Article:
I believe most of us are aware of the “holiday blues” and how stress can aggravate depression during this time of the year. All the things that many of us look forward to and enjoy, such as parties, celebrations and spending time with family and friends, can be sources of tension for others. Some may feel isolated or lonely, even in large gatherings. Or their expectations of a joyous season may not rise to the level they anticipated. Others, of course, may have work or other obligations that cause them to feel like they’re missing out while everyone else they know gets to celebrate.
Let’s face it: there’s a lot more going on this time of the year, and some of us deal with it better than others. There are people who enjoy shopping (especially those you see lined up in the early morning hours on Black Friday, as shown on every town’s local news). Other people dread it, which may be why the rise of online gift-buying has exploded in recent years.
There are obligations this time of year – to family, to work, maybe even to community or school events. While organizers of these events do everything in their power to make them enjoyable, that sense of obligation, of having to do something, can rub people the wrong way and prevent them from enjoying themselves no matter what.
Even if you don’t feel depressed, there could be signs that the extra tension is getting to you. For example, you could be getting headaches more frequently or have trouble sleeping. And while it’s not unusual for people to eat or drink more than usual (after all, it’s not easy to pass up those delicious cookies everyone is bringing to the office), excessive drinking or over-eating could also be subliminal ways to self-medicate and deal with stress.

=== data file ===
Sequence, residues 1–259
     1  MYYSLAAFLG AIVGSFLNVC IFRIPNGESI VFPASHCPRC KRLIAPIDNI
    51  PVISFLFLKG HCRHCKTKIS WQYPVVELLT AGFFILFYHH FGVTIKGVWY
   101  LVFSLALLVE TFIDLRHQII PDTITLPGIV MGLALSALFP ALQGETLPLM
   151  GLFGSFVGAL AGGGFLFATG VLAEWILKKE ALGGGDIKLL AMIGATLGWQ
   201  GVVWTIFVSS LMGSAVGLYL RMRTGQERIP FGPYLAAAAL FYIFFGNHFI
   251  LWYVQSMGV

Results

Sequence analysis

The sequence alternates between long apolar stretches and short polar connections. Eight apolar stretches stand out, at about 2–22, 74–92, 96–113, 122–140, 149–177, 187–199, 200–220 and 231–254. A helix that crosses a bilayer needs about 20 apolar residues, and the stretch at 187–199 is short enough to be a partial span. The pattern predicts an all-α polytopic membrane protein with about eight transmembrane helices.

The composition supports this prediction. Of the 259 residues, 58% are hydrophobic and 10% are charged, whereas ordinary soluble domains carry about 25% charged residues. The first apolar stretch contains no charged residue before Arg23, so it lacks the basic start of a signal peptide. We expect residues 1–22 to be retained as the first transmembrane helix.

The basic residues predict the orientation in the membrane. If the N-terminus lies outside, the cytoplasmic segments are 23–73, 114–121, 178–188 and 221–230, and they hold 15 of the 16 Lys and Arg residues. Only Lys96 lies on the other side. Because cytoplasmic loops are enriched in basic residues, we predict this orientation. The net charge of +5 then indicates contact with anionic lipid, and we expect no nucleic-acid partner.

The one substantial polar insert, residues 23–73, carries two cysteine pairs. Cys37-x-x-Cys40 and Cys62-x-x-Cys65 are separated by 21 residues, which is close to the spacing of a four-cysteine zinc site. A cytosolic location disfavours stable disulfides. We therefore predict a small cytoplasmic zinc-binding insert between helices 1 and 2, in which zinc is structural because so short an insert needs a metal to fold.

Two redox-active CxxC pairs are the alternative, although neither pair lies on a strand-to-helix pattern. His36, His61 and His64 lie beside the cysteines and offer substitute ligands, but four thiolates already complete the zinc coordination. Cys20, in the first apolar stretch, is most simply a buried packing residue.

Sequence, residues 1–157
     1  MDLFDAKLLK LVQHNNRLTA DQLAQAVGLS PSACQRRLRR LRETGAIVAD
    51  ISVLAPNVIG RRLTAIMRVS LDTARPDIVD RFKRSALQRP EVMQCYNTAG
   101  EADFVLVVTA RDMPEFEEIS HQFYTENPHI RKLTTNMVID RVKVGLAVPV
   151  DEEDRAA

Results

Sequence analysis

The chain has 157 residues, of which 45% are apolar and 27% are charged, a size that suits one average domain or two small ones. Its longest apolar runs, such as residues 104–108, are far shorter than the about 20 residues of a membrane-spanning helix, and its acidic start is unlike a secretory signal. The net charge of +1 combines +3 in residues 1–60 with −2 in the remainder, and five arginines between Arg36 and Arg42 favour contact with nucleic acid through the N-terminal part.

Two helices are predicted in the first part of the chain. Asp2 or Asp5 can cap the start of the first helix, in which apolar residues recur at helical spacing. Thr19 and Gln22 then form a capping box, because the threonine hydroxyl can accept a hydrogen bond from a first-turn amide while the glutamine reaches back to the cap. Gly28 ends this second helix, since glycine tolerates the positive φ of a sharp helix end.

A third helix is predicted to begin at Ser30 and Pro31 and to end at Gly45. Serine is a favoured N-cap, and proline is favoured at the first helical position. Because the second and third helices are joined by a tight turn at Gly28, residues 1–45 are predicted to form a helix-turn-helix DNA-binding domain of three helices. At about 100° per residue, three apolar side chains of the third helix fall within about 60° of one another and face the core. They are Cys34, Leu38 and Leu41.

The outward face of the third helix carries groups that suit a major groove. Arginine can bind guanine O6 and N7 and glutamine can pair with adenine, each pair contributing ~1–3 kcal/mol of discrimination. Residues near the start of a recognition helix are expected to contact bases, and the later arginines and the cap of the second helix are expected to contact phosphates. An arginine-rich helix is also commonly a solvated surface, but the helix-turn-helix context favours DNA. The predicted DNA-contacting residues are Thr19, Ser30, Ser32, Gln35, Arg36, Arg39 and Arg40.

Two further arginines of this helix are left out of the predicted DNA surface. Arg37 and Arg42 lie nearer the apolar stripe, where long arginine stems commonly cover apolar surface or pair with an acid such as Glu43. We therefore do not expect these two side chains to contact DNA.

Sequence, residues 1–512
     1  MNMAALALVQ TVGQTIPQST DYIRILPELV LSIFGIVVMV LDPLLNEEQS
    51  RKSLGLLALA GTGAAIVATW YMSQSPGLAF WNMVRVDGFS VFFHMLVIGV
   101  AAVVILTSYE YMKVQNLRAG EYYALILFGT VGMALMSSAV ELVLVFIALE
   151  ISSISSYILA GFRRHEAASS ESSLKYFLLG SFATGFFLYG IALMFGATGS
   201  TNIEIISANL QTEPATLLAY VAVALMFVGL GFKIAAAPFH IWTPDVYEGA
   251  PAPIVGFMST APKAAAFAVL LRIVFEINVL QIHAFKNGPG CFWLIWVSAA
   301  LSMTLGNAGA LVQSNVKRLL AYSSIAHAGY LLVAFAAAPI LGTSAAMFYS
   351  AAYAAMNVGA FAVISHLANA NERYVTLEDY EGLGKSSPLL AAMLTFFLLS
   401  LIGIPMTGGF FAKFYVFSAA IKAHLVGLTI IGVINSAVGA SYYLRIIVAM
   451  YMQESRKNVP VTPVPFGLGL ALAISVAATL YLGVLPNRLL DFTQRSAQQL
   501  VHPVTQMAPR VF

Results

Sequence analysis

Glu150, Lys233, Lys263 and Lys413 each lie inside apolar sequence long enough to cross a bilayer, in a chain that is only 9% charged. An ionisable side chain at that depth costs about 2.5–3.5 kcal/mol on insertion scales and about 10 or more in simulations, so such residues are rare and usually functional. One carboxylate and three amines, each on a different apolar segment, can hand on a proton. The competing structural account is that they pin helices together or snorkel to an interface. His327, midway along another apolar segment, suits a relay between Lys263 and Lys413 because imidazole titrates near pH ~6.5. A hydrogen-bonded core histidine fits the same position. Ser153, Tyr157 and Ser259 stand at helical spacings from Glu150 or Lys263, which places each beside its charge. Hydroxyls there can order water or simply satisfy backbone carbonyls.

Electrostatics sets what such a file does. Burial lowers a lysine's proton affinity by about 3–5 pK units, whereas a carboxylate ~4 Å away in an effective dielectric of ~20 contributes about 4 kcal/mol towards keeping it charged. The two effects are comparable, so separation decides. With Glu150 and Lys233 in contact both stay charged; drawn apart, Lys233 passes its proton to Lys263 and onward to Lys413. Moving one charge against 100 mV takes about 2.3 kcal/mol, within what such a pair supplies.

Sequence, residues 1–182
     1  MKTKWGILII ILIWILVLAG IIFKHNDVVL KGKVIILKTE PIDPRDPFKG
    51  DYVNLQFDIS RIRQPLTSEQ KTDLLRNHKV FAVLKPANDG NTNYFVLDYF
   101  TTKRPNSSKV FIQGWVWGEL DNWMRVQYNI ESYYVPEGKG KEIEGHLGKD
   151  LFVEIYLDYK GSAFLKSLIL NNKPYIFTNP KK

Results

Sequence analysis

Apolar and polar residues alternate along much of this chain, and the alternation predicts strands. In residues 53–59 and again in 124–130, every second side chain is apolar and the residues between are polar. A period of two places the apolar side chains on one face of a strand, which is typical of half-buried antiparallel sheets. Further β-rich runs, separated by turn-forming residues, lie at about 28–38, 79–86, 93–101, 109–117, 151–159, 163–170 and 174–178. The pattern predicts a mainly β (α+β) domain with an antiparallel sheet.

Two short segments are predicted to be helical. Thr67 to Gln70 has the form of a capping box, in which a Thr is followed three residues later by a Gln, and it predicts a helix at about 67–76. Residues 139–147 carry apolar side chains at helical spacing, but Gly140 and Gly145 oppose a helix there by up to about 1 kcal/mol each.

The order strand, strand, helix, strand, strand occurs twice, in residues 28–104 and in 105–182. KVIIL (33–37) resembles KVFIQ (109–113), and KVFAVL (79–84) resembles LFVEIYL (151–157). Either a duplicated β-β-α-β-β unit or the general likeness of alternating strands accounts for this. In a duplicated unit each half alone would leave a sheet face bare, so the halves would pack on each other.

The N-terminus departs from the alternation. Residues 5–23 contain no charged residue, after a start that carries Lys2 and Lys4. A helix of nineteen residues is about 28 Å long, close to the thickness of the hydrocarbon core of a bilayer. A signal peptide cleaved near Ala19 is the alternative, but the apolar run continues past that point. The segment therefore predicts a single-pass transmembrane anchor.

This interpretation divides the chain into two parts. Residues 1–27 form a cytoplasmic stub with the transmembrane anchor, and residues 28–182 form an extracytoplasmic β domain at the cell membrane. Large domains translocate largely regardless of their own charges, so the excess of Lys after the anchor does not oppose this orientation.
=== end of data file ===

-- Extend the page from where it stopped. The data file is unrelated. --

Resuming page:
As I’ve found with so many things in life, it’s the pressure we put on ourselves that can be eased the quickest. Stepping back and putting things in perspective can make all the difference. For example, don’t worry about getting someone the “perfect” gift. Listen for hints, but otherwise the people you love will appreciate whatever you get them. Ralphie already got his Red Ryder BB gun; chances are your loved one has already received the equivalent, too.
So be realistic in setting expectations for yourself and others. In the middle of a holiday gathering, take a moment to just look around and appreciate the moment and with whom you are sharing it. If you find that you’re spending time with people you don’t want to be around, do something about it by instead spending time with those you find caring and supporting.
Even if you love the holidays and are having the time of your life, chances are you know someone who’s struggling. You can make a difference in their life by reaching out and showing you care. A visit or phone call can be a real difference-maker in someone’s life and truly make their holiday special, too.
I know none of this is groundbreaking, but I hope it contains some good reminders that helps you better enjoy the Holiday Season. My final piece of advice is to make sure you make time for you. That might be the best present you get all year.